San Jacinto
The San Jacinto derives its name from the San Jacinto River in Texas, which was the site of a decisive victory over the Mexican Army, on 21 April 1836, in the battle for Texas's independence.1
The San Jacinto was built at the New York Naval yard in 1847 as an experimental ship to test new propulsion concepts. Finally launched in 1850, the San Jacinto had a long and notable career of service, despite a number of engine and machinery problems.2
After the vessel served in the West Indies in 1855, the San Jacinto ferried Townsend Harris, the American consul general to Japan, to Shimoda, Japan, where Harris became the first foreign diplomat allowed on Japanese soil, and also helped open Japan to foreign relations.3
Later in 1856, the San Jacinto served with the United States Navy's East India Squadron in a civil war in Chinese waters, as well as in the Second Opium War.4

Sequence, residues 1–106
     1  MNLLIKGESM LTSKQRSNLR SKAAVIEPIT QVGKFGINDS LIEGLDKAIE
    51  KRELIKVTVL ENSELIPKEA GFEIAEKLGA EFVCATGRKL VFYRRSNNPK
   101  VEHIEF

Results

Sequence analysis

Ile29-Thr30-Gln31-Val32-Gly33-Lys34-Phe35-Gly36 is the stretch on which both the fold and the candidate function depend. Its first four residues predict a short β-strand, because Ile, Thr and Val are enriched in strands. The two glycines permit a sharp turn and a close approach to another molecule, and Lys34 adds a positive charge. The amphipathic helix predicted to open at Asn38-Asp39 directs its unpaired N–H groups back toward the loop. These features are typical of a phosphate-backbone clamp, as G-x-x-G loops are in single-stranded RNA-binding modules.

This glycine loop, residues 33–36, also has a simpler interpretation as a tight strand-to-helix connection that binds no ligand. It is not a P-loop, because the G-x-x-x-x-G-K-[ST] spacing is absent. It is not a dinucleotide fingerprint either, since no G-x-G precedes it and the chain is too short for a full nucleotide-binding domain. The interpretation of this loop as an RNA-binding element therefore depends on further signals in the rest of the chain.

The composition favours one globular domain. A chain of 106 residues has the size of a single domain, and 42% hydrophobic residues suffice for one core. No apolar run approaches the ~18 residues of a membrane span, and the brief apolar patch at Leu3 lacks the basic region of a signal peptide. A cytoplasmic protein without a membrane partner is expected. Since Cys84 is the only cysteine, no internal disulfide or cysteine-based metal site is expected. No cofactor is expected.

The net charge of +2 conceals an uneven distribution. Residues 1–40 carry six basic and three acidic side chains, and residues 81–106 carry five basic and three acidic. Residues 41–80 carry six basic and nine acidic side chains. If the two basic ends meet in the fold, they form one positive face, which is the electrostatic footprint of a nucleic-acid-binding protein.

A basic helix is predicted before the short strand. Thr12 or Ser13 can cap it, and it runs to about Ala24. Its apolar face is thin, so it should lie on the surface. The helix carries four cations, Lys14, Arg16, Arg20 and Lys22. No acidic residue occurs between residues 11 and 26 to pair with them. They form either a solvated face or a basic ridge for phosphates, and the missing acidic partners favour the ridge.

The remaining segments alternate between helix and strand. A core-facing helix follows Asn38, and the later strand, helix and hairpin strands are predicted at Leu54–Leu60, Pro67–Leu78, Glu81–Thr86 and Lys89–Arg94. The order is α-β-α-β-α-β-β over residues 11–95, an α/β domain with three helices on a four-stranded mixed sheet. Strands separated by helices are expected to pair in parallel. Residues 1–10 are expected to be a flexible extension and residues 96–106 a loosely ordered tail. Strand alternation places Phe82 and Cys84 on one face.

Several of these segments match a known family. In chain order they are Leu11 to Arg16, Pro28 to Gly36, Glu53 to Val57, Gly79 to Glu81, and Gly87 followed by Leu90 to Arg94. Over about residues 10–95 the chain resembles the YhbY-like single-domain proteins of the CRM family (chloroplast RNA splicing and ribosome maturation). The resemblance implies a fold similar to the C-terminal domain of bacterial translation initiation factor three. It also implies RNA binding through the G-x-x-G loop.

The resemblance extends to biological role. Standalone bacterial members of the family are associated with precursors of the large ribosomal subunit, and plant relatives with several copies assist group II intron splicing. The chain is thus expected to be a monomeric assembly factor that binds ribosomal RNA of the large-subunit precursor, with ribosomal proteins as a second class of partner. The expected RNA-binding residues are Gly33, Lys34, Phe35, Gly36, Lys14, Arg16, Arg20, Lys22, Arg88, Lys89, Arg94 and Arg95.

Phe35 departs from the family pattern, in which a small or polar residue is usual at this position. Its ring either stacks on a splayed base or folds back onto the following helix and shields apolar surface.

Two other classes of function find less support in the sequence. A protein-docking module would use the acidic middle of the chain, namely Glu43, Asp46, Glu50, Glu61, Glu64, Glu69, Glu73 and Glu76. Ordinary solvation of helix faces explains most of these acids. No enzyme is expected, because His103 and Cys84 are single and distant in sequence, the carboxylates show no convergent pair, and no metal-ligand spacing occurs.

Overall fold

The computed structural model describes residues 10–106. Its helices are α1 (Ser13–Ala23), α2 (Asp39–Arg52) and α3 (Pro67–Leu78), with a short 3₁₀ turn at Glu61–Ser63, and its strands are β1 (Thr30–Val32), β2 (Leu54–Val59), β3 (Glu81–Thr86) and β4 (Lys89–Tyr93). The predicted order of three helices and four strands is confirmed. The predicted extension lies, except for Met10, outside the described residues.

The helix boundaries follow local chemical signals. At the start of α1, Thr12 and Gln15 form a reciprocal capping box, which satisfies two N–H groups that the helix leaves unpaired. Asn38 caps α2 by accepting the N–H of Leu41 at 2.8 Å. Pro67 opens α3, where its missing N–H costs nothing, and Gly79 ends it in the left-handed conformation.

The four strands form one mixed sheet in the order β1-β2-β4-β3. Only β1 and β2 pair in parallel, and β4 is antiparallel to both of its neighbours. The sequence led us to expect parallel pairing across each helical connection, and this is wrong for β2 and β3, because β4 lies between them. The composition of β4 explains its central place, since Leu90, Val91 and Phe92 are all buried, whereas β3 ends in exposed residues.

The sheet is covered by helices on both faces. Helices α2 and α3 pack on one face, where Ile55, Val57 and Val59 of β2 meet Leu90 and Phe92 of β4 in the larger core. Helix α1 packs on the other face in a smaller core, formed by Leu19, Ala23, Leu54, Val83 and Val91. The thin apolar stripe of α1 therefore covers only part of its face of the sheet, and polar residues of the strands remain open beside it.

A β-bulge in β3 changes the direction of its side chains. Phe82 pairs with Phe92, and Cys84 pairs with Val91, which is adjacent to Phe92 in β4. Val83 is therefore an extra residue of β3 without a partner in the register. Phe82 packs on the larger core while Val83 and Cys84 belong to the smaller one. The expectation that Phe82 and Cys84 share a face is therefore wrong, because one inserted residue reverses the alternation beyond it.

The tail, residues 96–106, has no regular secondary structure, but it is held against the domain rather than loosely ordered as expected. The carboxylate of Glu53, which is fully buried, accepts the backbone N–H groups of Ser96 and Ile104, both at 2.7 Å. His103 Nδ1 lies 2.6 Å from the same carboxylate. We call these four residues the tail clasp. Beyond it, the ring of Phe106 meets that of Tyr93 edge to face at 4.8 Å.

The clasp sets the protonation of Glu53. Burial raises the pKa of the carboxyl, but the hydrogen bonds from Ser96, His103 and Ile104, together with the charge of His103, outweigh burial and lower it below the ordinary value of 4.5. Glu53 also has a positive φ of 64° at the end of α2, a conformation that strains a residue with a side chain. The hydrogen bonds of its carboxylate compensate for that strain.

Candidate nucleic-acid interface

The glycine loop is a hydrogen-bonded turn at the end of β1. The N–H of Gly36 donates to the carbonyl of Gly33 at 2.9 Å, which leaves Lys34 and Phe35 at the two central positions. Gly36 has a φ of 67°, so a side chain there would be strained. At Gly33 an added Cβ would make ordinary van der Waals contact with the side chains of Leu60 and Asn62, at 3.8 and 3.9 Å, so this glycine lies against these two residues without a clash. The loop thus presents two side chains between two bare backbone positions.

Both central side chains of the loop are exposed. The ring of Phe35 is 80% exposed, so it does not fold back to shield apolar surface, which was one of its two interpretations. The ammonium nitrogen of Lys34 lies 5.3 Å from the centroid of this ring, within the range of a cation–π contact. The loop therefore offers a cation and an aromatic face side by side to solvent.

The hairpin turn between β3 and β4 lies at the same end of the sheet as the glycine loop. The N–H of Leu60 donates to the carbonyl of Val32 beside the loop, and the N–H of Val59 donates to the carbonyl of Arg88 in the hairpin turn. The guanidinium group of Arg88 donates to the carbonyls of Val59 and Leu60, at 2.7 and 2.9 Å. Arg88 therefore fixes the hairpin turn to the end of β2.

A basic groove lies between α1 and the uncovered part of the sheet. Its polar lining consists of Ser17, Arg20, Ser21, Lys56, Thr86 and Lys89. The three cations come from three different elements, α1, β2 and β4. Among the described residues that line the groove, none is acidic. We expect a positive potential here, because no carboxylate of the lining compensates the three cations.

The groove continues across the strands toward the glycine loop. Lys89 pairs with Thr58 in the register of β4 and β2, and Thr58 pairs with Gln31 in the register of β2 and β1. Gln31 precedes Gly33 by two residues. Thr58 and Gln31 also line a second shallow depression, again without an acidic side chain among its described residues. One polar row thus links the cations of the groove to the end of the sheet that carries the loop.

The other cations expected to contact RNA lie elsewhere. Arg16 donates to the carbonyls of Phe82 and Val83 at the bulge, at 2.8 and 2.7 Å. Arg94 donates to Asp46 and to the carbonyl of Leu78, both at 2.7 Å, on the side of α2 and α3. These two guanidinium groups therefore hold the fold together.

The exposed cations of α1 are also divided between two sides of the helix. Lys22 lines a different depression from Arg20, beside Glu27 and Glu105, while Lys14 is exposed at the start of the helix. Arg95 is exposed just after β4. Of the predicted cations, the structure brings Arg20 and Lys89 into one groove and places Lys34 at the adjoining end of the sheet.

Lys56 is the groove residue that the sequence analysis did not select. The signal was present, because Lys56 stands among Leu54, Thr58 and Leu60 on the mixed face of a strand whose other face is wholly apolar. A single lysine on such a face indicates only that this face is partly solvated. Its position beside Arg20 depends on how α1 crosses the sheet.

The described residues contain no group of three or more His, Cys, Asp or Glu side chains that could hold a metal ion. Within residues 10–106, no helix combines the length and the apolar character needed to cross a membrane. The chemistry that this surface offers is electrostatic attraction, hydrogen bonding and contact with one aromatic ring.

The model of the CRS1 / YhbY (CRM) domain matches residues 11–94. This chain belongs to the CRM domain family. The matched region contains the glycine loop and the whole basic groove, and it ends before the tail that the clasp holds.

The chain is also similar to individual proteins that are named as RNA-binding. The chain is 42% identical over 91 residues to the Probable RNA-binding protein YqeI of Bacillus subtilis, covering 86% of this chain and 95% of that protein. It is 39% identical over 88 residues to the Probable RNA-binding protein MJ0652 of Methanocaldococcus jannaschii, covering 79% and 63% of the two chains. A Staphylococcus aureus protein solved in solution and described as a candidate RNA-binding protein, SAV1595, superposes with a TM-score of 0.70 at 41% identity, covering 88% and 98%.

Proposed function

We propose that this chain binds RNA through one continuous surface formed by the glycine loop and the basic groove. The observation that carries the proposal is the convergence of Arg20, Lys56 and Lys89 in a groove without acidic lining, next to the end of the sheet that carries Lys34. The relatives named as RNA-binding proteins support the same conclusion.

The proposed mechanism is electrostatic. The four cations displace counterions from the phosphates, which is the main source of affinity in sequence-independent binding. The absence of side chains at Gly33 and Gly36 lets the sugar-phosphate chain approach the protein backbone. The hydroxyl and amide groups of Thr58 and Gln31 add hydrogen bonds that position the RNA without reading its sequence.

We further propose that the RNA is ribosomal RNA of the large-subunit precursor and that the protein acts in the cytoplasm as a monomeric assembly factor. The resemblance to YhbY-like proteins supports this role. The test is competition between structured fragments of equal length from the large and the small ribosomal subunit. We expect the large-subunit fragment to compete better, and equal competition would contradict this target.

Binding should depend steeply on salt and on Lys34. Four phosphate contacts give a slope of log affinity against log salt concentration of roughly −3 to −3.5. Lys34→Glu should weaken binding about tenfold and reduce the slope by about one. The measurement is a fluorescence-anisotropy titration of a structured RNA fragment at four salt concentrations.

In 1859, while with the Africa Squadron, the San Jacinto aided in the efforts to curb the slave trade. Captain Charles Wilkes took over command of the San Jacinto in August 1861 prior to its journey back to the United States to join the Union Navy in the US Civil War.5
While en route, Wilkes intercepted the English Mail Packet Trent, east of Havana, which carried a number of Confederate diplomats.6 Douglas makes note of the incident in this correspondence.
The vessel spent several more years in the service of the Union Navy. On 1 January 1865, the San Jacinto hit a reef in the Bahamas; while some of the equipment was salvaged, the vessel itself took too much damage. The San Jacinto's hulk was sold on May 17, 1871.7
  • 1. San Jacinto, Dictionary of American Naval Fighting Ships.
  • 2. Ibid.
  • 3. Ibid.
  • 4. Ibid.
  • 5. Ibid.
  • 6. Ibid.
  • 7. Ibid.
Mentions of this vessel in the documents